2013 MLB Playoffs: What 100 Regular Season Wins Mean for Boston Red Sox

Mike Carp

Kim Klement-USA TODAY Sports

Fans in Boston have gone into public outcry. It’s nothing new, as the city has become accustomed to housing winners over the past decade of dominance, but people seem to be especially worked up about the Boston Red Sox winning 100 games this regular season.

Callers into WEEI, the popular New England sports talk-show, voiced their displeasure about the mention of this record, as well as Boston Globe writers. They bleat about a “jinx” and how 100 wins means little. One such caller was upset at weekend hosts bringing about the taboo subject of 100 wins.

To put it simply, to win 100 games nearly guarantees the first seed in the MLB playoffs, which means an easier road to the World Series, but some callers believe in the jinx.

One caller, in particular, pointed out that the Seattle Mariners of 2001 won 116 games, yet went on to lose to the New York Yankees in five games in the ALCS.

I have two things to say about that. First, the series may have been a pure aberration; every team hits rough patches, and Seattle may have gotten too hot and played their best baseball during the regular season. The Red Sox have played consistent baseball all year. Second, the Mariners were built on defense and relief pitching. The reason they had multiple starters over 15 wins was their ability to hold games. However, in a stretch where a good hitting club, like the Yankees, hits the ball where you can’t defend and rocks the starters for more than the offense can get back, you won’t win much.

Things look up for the Red Sox there, as they’ve managed to be productive at the plate – just as productive as the Mariners – and have a solid rotation that will perpetually keep them in games. The biggest thing for the Red Sox is that they can come from behind.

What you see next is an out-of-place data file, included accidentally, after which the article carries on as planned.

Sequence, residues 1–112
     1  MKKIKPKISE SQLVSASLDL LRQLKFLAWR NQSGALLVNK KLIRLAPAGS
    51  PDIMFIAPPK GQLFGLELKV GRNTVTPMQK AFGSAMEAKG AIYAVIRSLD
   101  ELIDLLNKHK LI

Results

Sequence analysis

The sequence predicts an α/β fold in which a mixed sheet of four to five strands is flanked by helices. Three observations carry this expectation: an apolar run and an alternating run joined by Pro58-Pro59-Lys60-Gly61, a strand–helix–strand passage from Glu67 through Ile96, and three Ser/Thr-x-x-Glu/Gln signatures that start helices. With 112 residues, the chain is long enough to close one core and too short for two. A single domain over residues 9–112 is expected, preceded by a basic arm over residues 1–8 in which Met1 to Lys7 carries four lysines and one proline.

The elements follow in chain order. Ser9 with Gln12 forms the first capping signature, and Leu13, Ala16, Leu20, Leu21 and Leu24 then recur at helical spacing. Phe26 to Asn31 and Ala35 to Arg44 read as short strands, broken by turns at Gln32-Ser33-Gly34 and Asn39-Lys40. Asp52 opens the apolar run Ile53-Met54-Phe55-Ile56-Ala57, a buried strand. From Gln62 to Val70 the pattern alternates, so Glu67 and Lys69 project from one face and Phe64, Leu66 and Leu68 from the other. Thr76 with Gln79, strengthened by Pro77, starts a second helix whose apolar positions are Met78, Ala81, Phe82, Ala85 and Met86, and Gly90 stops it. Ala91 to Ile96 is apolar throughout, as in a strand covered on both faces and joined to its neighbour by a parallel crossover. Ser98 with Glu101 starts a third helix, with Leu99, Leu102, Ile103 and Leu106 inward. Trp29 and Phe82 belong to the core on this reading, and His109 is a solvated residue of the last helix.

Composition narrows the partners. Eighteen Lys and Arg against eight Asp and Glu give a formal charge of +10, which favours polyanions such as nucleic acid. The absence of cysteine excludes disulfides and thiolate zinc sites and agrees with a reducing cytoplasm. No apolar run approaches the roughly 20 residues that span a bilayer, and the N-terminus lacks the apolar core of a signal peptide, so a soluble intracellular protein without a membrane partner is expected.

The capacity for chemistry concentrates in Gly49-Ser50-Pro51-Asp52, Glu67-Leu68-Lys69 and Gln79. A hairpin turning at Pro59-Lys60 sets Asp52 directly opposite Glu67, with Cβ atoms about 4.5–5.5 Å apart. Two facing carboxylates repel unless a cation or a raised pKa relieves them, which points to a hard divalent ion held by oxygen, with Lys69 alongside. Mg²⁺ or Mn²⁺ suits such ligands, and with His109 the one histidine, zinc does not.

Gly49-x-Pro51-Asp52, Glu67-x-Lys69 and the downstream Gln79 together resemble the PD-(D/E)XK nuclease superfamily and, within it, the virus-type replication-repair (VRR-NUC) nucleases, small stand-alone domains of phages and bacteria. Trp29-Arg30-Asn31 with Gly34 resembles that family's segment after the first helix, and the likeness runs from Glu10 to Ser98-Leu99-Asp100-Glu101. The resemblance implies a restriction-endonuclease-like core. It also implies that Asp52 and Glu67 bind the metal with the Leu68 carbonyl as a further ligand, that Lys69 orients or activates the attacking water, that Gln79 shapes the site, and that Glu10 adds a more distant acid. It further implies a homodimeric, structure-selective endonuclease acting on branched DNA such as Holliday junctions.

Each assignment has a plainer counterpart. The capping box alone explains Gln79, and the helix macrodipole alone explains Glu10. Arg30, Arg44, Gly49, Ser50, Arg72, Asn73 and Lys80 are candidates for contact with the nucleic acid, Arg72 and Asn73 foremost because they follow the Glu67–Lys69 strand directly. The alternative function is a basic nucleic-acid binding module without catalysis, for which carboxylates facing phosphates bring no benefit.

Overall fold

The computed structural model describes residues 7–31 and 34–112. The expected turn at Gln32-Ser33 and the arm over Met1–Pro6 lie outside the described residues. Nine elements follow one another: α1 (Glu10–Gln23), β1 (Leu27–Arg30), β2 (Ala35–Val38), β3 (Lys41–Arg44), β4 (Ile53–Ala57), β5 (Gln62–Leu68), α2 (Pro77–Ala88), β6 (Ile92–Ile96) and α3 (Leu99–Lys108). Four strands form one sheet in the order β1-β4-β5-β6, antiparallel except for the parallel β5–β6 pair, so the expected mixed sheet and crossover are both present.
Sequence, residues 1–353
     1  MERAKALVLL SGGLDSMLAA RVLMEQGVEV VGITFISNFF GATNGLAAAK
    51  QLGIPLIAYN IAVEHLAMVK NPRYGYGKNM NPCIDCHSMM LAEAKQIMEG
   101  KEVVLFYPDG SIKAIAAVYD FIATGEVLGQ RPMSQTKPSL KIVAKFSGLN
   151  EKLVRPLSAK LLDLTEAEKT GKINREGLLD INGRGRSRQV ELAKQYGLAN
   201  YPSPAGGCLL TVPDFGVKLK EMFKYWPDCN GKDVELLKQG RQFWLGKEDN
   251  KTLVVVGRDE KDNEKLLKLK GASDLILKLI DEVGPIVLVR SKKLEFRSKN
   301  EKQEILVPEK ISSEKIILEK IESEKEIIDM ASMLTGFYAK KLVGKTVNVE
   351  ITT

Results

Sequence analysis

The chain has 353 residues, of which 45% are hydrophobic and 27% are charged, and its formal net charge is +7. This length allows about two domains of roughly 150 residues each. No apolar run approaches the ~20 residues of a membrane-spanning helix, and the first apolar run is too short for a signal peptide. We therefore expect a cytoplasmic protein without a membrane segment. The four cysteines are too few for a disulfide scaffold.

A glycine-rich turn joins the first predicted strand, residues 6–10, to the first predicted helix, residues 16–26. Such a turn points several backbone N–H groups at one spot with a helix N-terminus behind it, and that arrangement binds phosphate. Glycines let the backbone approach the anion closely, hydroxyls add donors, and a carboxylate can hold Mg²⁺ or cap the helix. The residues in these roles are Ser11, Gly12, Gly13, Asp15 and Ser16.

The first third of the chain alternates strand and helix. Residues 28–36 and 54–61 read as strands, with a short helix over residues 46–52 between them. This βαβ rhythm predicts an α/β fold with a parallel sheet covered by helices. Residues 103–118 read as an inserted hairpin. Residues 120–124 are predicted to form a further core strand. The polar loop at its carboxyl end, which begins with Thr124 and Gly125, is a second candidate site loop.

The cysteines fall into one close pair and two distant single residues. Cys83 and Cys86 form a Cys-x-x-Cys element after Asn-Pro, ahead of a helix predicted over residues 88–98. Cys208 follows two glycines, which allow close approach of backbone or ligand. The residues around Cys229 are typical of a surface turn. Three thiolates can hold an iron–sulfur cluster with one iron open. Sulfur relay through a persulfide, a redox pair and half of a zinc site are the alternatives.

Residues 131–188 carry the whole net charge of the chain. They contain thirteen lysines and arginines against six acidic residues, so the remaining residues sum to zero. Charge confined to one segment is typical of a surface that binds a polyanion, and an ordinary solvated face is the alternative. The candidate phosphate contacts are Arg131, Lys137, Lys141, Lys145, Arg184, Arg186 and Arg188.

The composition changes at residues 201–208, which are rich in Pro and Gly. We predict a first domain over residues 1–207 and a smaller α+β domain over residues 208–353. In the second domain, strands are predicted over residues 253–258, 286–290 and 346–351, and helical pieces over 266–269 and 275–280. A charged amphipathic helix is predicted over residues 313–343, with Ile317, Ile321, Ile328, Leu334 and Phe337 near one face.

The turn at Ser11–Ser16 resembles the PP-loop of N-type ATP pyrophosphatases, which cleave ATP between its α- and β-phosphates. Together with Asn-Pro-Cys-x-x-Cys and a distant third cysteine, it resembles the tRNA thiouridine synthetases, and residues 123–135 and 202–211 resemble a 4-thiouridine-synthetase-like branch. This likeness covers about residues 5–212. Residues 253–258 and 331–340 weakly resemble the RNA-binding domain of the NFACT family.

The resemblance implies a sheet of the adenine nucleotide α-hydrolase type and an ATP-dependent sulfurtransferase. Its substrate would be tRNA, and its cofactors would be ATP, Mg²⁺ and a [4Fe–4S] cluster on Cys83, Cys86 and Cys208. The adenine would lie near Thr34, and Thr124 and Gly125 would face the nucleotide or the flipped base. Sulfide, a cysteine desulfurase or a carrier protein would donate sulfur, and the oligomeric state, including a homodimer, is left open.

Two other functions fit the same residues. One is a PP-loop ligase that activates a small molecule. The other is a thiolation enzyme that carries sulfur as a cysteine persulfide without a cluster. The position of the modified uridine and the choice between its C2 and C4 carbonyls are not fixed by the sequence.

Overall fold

Take, for example, last Wednesday when, tied in the 10th in Tampa Bay at 3-3, Mike Carp coming off the bench cold to hit an eventually game-winning grand slam. The Red Sox have depth in the outfield – Jacoby Ellsbury, if he returns, Carp, Daniel Nava, Shane Victorino and Jackie Bradley, Jr. – so they can afford to have a guy have a bad day; John Farrell can plug and experiment with lineups.

Even if they don’t have the lineup, they have history.

Since 1903, there have been 93 teams that have won 100 or more games in a season. Of those 93, 62 eventually contested for the World Series that year. Of those 100-win (or more) teams, 34 captured a World Series Crown that same year. Therefore, one in three teams to win 100 games goes on to win the whole thing that same season. To achieve triple-digit wins attests to a team’s tenacity, refusal to quit and trust in one another.

While the number of regular-season wins is arbitrary, as all teams reset to 0-0 when October comes around, it does put history on their side. Unlike the saying goes, the Red Sox hope that history does repeat itself this year. So don’t worry, Red Sox Nation, there’s no “jinx,” just success in October ahead.

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